Educating In Freedom Fscons 2009


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Free Knowledge and Free Software goes together. Even the definition of
the two is very similar.
Education and life-long learning is about sharing and generating knowledge.
The libre knowledge vision has been expressed as follows:
"Knowledge for all, freedom to learn, towards collective wisdom enabling people to empower themselves with knowledge
and to share it for community benefit."
When knowledge is shared electronically, the freedom to use, modify (localize), enhance, mix, and share is essential for effective knowledge
transfer. Localization is almost always required.
The copyleft model, the free licenses, the free & open standards and file formats, as well as a few other things are fundamental for free culture, free knowledge, education, and self-learning in the future.
The question is, how do we get more awareness about free knowledge
and the free education programs in our governments and schools as well
as our homes?
There is no single and efficient strategy. We have to look for more ways to distribute our message in order to reach our goal.
Collaboration between countries, regions as well as learning projects,
and other stakeholders is key.

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Educating In Freedom Fscons 2009

  1. 1. Educating in Freedom Free Access and Collaboration is the Key By Anne Østergaard [email_address] Presented on November 15 th 2009 at FSCONS 2009 in Göteborg, Sweden.
  2. 2. Educating in Freedom Free Access and Collaboration is the Key Content: * What is the present status? * A recent case story - Change is a long process. * What are the barriers for change? * Who do we need to convince? * The teachers professional teaching methods will change. * Collaboration between professions and stakeholders. * Conclusion.
  3. 3. Educating in Freedom Recent case stories In recent case stories from Austria, schools are financially motivated by the Austrian Federal Ministry for Education, Arts and Culture. Get €10 Euro for each workstation that uses OpenOffice suite or pay €10 Euro for using Microsoft Office.
  4. 4. Educating in Freedom Barriers for change Your school, your home, and your friends use proprietary software. Scepticism towards new things. No government backing. Lack of knowledge. The traditional understanding of learning.
  5. 5. Educating in Freedom B arriers to change What students are learning in their spare time from social media such as Facebook, World of Warcraft etc. is considered by teachers as something in contrast to what the students should learn at school. Students are bored at school, and considers their own goals as more important than those of their teachers.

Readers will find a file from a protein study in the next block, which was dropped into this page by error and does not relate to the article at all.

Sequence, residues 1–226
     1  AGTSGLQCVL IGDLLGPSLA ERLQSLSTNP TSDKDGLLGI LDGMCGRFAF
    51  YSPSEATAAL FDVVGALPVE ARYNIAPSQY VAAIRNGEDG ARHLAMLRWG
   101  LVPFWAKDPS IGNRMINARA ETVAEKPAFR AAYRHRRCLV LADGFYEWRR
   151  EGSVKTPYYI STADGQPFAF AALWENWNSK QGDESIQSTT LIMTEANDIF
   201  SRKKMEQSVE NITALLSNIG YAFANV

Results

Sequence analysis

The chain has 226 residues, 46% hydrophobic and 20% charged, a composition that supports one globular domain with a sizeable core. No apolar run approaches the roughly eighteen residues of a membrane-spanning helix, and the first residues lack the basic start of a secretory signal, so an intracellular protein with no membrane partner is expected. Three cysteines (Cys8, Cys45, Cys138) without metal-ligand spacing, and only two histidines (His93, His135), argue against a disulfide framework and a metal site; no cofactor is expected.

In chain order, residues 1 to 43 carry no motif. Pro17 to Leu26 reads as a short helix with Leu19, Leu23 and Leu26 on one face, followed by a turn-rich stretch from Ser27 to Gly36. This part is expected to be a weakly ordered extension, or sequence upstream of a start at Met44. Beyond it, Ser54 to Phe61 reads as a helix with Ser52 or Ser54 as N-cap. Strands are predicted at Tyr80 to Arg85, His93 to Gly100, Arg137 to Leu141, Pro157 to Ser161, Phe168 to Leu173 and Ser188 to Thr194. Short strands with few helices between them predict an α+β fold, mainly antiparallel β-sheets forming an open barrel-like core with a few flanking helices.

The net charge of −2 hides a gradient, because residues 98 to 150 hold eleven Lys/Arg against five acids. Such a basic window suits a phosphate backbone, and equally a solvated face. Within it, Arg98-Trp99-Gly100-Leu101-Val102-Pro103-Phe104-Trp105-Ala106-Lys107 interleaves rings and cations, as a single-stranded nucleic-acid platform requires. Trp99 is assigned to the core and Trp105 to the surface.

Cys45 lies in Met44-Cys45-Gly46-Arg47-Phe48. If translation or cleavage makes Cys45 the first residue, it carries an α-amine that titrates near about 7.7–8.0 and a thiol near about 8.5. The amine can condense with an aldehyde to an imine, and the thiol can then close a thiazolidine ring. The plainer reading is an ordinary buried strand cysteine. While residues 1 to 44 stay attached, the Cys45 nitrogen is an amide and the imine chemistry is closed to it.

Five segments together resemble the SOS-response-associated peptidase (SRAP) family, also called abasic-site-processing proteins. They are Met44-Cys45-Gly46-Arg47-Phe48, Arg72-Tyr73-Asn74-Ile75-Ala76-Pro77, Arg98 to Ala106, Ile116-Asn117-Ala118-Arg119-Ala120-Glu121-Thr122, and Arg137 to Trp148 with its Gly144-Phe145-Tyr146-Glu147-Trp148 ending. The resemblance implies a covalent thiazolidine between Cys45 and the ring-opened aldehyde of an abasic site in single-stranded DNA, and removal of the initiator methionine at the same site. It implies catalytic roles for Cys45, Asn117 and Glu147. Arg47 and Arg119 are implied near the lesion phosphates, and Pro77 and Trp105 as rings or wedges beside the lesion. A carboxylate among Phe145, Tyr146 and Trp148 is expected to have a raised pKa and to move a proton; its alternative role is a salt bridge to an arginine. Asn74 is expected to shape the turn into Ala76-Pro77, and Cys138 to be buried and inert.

6. 6. Educating in Freedom Teachers teaching methods will change The use of FLOSS in education is planting the seeds of a new pedagogy where educators and learners create, shape and evolve knowledge together, improving their skills and understanding as they go.
  7. 7. Educating in Freedom Teachers teaching methods will change New learning methods will rock teachers vision of being in control, and not being the only authority in the group. We are seeing the change from the industry era to our knowledge based society. We are talking: Life long learning.
  8. 8. Educating in Freedom Collaboration between professions, and other stakeholders There are many stakeholders in the change process: <ul><li>The political level
  9. 9. Individual schools
  10. 10. Teachers
  11. 11. Students
  12. 12. Technicians, developers and maintainers
  13. 13. Parents etc. </li></ul>
  14. 14. Educating in Freedom Collaboration between different professions. <ul><li>It is important to listen to the teachers needs. They are the ones creating new learning material.
  15. 15. Often teachers learning material get stuck on school servers.
  16. 16. The technical infrastructure is there to back and support the creativity, and the collaboration as well as the communication efforts. </li></ul>
  17. 17. Educating in Freedom Collaboration between men and women Bear in mind that the technical infrastructure is mostly developed and maintained by men, whereas a very large percentage of the primary school teachers who are supposed to use the software solutions are women. <ul><ul><li>Men and women communicate very differently.